“I can’t believe it’s almost over,” I kept repeating. My goal had been to finish before sunset, which meant I was four hours ahead of schedule. Too easy, I thought to myself, weirdly craving more pain to meet my expectations. I considered running further, maybe 60 miles, and then realized that that the intent of the “long jog” had nothing to do with distance. It had everything to do with trusting my own capabilities. I am capable. I am enough. I repeated the affirmations, reminding myself that my self-worth has no relation to any number of miles.

We decided to finish atop a foothill overlooking the valley. “Happy valley,” it translates to. My legs shrieked while climbing the slope, and my jog slowed to a power-walk. An ancient, earthen structure stood proudly on top, historically used to store harvests and other valuables. I ran circles around it until my watch vibrated. “50.0 miles,” it read. So I stopped.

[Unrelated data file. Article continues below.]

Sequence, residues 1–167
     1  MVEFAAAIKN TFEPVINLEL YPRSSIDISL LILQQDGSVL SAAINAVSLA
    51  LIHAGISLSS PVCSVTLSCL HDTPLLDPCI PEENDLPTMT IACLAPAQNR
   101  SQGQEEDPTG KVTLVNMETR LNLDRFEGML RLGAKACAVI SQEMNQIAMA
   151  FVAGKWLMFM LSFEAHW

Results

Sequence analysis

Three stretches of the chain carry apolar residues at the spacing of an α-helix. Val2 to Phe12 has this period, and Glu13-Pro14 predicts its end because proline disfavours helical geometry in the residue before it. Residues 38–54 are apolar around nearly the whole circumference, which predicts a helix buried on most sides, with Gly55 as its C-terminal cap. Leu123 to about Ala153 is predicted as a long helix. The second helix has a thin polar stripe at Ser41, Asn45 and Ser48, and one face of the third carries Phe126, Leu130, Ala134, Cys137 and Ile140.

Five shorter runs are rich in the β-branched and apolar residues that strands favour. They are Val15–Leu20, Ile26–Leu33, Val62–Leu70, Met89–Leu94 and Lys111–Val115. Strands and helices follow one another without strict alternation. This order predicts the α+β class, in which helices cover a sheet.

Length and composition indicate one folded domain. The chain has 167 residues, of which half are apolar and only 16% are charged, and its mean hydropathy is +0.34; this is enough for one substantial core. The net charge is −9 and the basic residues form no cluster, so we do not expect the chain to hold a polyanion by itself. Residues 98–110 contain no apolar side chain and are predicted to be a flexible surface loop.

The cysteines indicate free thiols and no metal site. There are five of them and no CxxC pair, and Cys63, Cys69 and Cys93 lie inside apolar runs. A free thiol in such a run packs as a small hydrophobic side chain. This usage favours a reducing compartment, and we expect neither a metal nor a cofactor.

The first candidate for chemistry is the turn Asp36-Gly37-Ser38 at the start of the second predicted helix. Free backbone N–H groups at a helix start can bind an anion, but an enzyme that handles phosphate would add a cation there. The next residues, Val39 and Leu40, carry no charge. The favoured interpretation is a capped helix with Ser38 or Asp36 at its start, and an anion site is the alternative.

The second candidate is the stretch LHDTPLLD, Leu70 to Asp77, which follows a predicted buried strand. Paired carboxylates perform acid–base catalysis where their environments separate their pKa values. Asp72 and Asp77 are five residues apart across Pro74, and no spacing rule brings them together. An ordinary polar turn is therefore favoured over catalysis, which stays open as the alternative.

“Long jog day,” I concluded. Sarah let out some cheers and double high-fives, and we hobbled back down the mountain. I ate leftover pasta. Took a cold shower. Stood in the sun to warm up because my body was too exhausted to heat itself. Called my Moroccan mama. Everything felt ordinary.

I realized how extraordinary it is just to exist, to go through the motions of life and to simply be. To test our limits, eat some pasta and move on. The extraordinary ordinary-ness of humans. How easily we adapt. How much we can surprise ourselves. Our universal limitlessness. I am still just an ordinary human, I reminded myself, and that’s more than enough. Miracles sprinkle our routines and saturate them with meaning. Running 50 miles isn’t miraculous, but perspective, people and sunshine can create magic. The right combination of ordinary things produces wonders.

Recovery | Vulnerability